you are not alone.

If this is my story, then it’s just the barest bones of it so far. The skeleton of it, except obviously not literally any more. Three and a half months since I committed to recovery for good, and it was a terrifying decision to make – to be well, forever. Three meals a day for the rest of my life; never be that thin again. It was time, and I was ready for it – it was long overdue, honestly. But it was still a terrifying decision and, because secrecy is such an integral part of eating disorders, I found myself completely on my own with it.

Three or four weeks ago, I was alone in the house and I couldn’t sleep, and perhaps it was the middle of the night talking, but I just didn’t think I could do it anymore. I was eating like a fucking nutritionist but nothing was changing, and the initial pride and success was wearing off, and I was still just scared, and fat, and – I was lying there crying myself half to death, and then I went upstairs and sat on the bathroom floor – you know, the way I used to sit in the days I’d choke my guts up into the toilet bowl – and just sobbed, and I wanted to pray, or something, but I had nothing to pray to. I needed someone to look me in the eyes and tell me I wasn’t alone, and that things would be okay.

And I saw this:

I know this is about LGBT bullying, but I think it’s something that applies to everyone who’s struggling with something that no one understands and that they feel completely on their own with. It was what I needed anyway – I must have watched that video twenty times, until I knew it off by heart and could say the words along with Chris. And I knew I would get up in the morning and have breakfast, and I knew I would keep fighting.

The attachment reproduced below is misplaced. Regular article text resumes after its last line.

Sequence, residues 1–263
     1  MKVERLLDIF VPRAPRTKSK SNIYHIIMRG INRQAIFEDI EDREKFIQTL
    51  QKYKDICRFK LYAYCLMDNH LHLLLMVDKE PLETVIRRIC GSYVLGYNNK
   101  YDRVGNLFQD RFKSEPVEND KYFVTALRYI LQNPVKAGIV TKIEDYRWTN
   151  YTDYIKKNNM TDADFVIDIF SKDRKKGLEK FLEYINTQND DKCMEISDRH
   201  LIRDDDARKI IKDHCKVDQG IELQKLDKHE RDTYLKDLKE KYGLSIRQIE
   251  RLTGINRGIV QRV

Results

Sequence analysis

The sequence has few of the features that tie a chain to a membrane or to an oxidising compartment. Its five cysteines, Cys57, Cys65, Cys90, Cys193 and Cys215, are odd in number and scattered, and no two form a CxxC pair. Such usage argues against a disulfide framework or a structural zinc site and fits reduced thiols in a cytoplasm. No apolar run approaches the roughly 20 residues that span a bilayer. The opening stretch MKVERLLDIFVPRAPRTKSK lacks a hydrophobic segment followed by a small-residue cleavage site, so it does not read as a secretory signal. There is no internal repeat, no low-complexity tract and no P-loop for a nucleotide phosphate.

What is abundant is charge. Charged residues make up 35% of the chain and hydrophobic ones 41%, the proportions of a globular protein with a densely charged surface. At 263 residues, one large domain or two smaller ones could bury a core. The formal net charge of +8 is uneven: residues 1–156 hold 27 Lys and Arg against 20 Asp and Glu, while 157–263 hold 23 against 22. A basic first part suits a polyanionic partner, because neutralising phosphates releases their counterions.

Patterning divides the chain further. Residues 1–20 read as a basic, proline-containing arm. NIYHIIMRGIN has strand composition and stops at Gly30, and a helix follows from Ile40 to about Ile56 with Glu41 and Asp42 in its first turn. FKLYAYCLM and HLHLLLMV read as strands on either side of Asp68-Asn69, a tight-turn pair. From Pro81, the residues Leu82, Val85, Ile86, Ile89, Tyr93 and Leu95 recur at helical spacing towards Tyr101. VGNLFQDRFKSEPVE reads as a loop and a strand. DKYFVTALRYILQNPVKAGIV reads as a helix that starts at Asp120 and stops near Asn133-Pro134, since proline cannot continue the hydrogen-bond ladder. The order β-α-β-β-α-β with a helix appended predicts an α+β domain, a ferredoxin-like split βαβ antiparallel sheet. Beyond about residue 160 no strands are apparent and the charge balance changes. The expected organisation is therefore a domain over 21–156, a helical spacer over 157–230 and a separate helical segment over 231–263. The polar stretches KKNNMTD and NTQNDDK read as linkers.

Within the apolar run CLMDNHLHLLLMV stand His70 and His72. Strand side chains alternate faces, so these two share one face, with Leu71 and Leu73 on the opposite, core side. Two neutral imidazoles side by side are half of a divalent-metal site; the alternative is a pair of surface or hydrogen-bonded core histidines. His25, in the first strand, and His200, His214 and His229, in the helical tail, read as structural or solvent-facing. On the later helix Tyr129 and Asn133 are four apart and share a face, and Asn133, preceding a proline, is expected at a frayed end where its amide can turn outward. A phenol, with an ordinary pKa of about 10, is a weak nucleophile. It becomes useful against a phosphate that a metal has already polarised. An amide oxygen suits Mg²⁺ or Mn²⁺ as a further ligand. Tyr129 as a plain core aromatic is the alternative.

So, one way or another, Chris Colfer has somehow become my poster boy for recovery. Honestly, he gives me courage – and I haven’t chosen that word at random. In his current Glee storyline, courage is the word Blaine texts Kurt in the face of LGBT bullying: courage is the word you hold in your heart to keep you going, however overwhelming the world becomes. And as I’ve learned more about Chris – he’s kind of a geek, and he has a severely epileptic sister (I have an epileptic brother and sister, although not as severe as his), and he was bullied a lot at school – I’ve been able to relate to him more and more, and he gives me the hope I need. That it will get better.

Know that you have friends, you are loved, and that you are not alone. And know that despite such a current challenging time, there is so much to look forward to. I promise, it gets so much better.

Chris Colfer.

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